Microscale distribution patterns of terrestrial bryophytes in a subalpine forest: the use of logistic regression as an interpretive tool

Abstract

This study investigated microhabitat relationships of terrestrial bryophytes in a subalpine forest of coastal British Columbia. Substratum affinities were characterized for dominant bryophytes. Logistic regression analysis was used to gain insight into the ecological determinants of fine scale (0.1m2) bryophyte distribution by examining the predictive relationship between bryophyte species occurrence and localized environmental conditions, as well as the coverage of other bryophytes. The predictive relationships were compared to evaluate the relative importance of environmental factors versus interspecific interactions in structuring bryophyte communities. The results indicate that bryophytes show unique responses in their relationships to environmental conditions and other bryophytes. Positive feedback appears to be an important process among terrestrial bryophytes in subalpine forests.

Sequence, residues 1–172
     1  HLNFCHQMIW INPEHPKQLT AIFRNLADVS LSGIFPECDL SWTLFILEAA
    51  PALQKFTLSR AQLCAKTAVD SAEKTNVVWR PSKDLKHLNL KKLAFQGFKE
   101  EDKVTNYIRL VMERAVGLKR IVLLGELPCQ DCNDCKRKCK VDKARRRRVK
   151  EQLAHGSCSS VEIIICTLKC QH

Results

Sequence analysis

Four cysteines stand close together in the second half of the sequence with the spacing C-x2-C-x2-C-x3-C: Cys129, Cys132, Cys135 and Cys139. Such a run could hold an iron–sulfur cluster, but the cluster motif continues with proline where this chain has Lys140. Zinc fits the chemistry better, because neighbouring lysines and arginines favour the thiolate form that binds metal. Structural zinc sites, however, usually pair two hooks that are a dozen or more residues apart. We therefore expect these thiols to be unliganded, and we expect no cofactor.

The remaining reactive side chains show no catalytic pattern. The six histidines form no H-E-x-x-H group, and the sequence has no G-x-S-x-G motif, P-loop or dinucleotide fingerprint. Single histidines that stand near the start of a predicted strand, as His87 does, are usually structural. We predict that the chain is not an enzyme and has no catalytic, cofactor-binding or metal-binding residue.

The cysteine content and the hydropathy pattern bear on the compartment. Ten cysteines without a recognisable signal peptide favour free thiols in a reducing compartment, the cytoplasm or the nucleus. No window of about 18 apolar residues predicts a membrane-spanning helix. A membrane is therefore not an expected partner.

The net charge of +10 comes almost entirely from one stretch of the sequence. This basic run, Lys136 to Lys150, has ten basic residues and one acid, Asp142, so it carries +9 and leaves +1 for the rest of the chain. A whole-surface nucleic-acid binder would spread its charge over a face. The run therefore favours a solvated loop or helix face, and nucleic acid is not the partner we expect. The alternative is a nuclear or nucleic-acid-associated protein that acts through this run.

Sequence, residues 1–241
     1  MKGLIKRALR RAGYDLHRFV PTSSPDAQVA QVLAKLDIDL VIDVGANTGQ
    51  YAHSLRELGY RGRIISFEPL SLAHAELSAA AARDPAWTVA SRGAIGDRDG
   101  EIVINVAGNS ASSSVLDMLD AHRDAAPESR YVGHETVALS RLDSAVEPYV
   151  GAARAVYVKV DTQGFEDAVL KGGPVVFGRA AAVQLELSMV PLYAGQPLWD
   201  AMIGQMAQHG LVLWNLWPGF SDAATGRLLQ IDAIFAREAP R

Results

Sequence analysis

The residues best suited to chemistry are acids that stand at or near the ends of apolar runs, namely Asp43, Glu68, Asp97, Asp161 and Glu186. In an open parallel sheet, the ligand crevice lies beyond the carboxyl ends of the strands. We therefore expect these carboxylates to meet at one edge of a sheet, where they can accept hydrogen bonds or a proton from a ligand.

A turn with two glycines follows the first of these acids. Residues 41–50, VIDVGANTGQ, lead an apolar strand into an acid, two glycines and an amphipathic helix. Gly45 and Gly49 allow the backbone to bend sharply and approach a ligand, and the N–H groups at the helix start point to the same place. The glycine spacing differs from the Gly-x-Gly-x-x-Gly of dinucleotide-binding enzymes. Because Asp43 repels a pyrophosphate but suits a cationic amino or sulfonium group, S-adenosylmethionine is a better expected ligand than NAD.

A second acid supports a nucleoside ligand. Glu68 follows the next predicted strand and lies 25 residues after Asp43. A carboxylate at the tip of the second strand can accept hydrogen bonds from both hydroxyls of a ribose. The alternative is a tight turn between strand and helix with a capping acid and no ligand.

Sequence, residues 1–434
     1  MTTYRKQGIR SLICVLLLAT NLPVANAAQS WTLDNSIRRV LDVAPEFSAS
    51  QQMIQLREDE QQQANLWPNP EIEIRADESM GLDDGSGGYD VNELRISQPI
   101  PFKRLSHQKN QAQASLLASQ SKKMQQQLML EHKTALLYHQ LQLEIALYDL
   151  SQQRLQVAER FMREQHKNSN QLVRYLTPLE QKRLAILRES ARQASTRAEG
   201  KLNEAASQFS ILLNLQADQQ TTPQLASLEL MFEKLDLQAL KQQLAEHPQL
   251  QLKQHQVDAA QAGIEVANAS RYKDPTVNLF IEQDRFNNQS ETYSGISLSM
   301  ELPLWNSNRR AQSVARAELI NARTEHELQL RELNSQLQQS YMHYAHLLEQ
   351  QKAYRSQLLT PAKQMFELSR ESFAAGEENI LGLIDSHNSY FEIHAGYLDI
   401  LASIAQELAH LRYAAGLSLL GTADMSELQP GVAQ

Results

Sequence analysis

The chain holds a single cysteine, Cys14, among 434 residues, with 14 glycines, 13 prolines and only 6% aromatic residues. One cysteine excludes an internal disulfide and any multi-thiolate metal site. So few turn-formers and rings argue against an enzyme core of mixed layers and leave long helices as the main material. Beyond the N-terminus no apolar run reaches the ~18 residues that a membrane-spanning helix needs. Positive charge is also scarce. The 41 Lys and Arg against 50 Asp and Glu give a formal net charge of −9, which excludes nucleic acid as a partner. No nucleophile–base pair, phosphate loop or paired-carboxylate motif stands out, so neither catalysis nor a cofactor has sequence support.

Abbreviations

CRS:

Creeping Stem

EXH:

Exposed Humus

FL1:

Fine Litter

LFH:

The accumulation of organic material present over mineral soil (Litter, Fermentation and Humus)

LR:

Logistic regression

WOOD:

Woody Debris

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Correspondence to K. D. Sadler.

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Sadler, K.D., Bradfield, G.E. Microscale distribution patterns of terrestrial bryophytes in a subalpine forest: the use of logistic regression as an interpretive tool. COMMUNITY ECOLOGY 1, 57–64 (2000). https://doi.org/10.1556/ComEc.1.2000.1.8

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Keywords

  • Bryophyte
  • Community pattern
  • Facilitation
  • Logistic regression
  • Microhabitat
  • Multivariate analysis
  • Subalpine forest